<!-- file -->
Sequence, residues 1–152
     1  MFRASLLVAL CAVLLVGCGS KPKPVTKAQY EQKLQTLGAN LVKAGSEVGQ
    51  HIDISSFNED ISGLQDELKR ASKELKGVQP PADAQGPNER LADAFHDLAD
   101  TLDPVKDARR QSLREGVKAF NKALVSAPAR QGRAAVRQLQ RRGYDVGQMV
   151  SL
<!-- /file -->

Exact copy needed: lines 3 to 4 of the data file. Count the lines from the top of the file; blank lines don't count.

    51  HIDISSFNED ISGLQDELKR ASKELKGVQP PADAQGPNER LADAFHDLAD
   101  TLDPVKDARR QSLREGVKAF NKALVSAPAR QGRAAVRQLQ RRGYDVGQMV